Annette Lu
Jun 30, 2015 Annette Lu rated it really liked it
Stop believing in what we wish to believe in. Conceive the inconceivable.

Sino-American relationship is really like an office politics drama- all the mistrust, misread and miscalculation. Both have tons of domestic issues.
Apr 30, 2008 Ray rated it it was ok  ·  review of another edition
James Mann describes, in no uncertain terms, how the U.S. makes excuses for China's repressive regimes. Despite the positive changes made in the U.S. - China relationship since the Nixon Presidency, the author points out how and why China shouldn't be trusted, and is far from a democratic state. He also points out why he feels our Government and businesses are wrong to put so little pressure on China to expand human rights, and how we as a people are not getting the true story regarding the dang ...more
Nov 25, 2007 Kim rated it it was ok
Recommends it for: anyone interested in China/democracy in China
Very important book about China and the potential for democracy there (or lack thereof). Mann takes on the current dominant theories about how China will either democratize slowly or suddenly sometime in the near future and outlines a Third Scenario -- that it will remain authoritarian for years to come. Why is this important? The Third Scenario is something U.S. leaders deny or have not prepared for at all. Mann's writing style makes this book an easy and quick read.
Dec 28, 2007 Donna rated it really liked it
The author had a lot of on-the-ground, non-think-tank experience in China, and the book is mercifully short. It clearly lays out the central tensions in China today and why opening up the country to capitalism is not a surefire remedy for lack of democracy. If he occasionally lapsed into a more-of-a-Chinese-scholar-than-thou tone, I suppose it can be forgiven.
Feb 09, 2011 Dora rated it did not like it
I know, hard to believe, but I was really interested in this book based on it's title, but either the subject isn't as exciting as I thought it would be or this is a boring book. Maybe both? Definitely not reading material for your commute, at the very least, not the way I wanted to end or start my day.
Jun 09, 2010 Terry rated it really liked it  ·  review of another edition
This book gives great insight into the delusionary perspective of Western governments and exposes the hypocrisy that comes from putting business benefits above values. It is a very informative book and one that anyone doing business in China should read.
Mar 19, 2008 Nicholas rated it liked it
A good and helpful book that posits the scenario where China does not open up to greater liberty regarding speech, association, religion but continues in growing economically and politically in clout. Helpful perspective and easy read.
Jerel Bonner
Apr 10, 2016 Jerel Bonner rated it liked it
This book will enlighten the reader to understand how western governments, especially the US, have failed to open China to democracy. It also points out that the current strategy is flawed and is destine to fail as well.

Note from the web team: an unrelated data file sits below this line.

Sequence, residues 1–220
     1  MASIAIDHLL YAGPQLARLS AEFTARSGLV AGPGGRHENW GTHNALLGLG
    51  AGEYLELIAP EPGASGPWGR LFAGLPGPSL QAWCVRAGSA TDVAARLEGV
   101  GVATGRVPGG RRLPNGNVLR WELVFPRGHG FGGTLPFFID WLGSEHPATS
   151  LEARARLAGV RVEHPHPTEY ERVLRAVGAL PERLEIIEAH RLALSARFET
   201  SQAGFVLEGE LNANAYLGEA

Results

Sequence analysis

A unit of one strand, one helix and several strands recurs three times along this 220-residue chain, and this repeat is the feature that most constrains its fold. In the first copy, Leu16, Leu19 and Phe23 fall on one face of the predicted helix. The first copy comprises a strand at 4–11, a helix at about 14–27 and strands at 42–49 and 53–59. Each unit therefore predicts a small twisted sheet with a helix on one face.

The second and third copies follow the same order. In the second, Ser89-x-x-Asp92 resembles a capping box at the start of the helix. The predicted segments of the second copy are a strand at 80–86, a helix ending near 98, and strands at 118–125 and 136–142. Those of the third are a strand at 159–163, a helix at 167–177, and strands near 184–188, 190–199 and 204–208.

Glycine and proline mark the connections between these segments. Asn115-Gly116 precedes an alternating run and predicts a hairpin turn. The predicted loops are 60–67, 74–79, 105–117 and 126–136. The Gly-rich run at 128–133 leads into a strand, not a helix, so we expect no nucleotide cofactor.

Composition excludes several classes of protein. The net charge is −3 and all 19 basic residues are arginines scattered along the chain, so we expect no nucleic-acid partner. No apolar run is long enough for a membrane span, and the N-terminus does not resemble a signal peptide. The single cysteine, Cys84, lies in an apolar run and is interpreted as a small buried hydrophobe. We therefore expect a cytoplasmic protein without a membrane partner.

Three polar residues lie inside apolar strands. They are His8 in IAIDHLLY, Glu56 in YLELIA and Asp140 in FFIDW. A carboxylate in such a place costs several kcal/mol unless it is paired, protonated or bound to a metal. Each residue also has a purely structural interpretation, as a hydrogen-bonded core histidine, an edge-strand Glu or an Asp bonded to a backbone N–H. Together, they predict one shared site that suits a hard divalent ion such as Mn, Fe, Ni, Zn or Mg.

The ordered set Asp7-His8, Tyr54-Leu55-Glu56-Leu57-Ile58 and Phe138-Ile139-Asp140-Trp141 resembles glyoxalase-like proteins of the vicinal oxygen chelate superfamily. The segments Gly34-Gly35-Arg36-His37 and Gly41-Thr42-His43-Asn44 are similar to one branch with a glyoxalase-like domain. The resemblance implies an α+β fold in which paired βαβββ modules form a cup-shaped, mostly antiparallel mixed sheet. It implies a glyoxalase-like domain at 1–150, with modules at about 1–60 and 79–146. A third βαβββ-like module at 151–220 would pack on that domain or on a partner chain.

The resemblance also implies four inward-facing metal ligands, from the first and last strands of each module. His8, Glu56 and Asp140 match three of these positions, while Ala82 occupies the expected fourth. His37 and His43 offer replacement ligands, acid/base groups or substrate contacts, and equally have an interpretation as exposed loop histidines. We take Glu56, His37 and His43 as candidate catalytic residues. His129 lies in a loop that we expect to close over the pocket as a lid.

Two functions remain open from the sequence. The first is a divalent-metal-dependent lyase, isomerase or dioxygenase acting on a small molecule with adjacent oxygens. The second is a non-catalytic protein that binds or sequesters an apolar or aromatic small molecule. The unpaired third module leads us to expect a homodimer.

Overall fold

The subtitle is inaccurate. It should be something more like "Why US Policymakers, China Experts and Business Leaders Ignore and Excuse China's Continued Political Repression". Or maybe something shorter along those lines.
May 03, 2008 Brian rated it liked it
Recommends it for: people who like to be afraid of international affairs
China is bad. America is too lenient. China will continue to be bad. That's the story. It doesnt get too deep, and this book you can finish in a single sitting.
Dina McArdle
Sep 16, 2007 Dina McArdle rated it liked it
Short set of essays which argue that materialism and capitalism in China does not equal, nor does it lead to, democracy in the American sense. Very provokative.
Kathleen O'Neal
Jun 30, 2013 Kathleen O'Neal rated it it was amazing
Probably the best book about Sino-American relations I've ever read. If you truly want to understand contemporary China, read this book.
Apr 29, 2012 Matt rated it liked it
Interesting. Geared toward the question of how the US sees China with reference to the then upcoming 2008 Olympics in Beijing.
Christopher Snow
I couldn't finish this one. Strange, since it's pretty short. However, it didn't keep my attention, at all...
Dec 17, 2007 Moming added it
not the best read about China. Mann's another book, About Face, is much better.
Aug 14, 2008 Tully rated it liked it  ·  review of another edition
Mann presents a basic everyday example of consumer capitalism's easy congruence with the politics of evil. This was probably not his intention, actually---he's based at CSIS---but it comes thru anyway and is valuable. If he's weakest on what model of "engagement" should replace our current optimistic delusion, it's b/c our own country is so thoroughly lost to the power of capital.
David Bradd
David Bradd rated it it was amazing
May 19, 2016
Katie Cherry
Katie Cherry marked it as to-read
May 19, 2016
Sarah marked it as to-read
Apr 29, 2016
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James Mann is the author of six books on American politics and national security issues, including Rise of the Vulcans: The History of Bush’s War Cabinet and The Obamians: The Struggle Inside the White House to Redefine American Power. A longtime correspondent for the Los Angeles Times, he is currently a fellow in residence at the Johns Hopkins University School of Advanced International Studies. ...more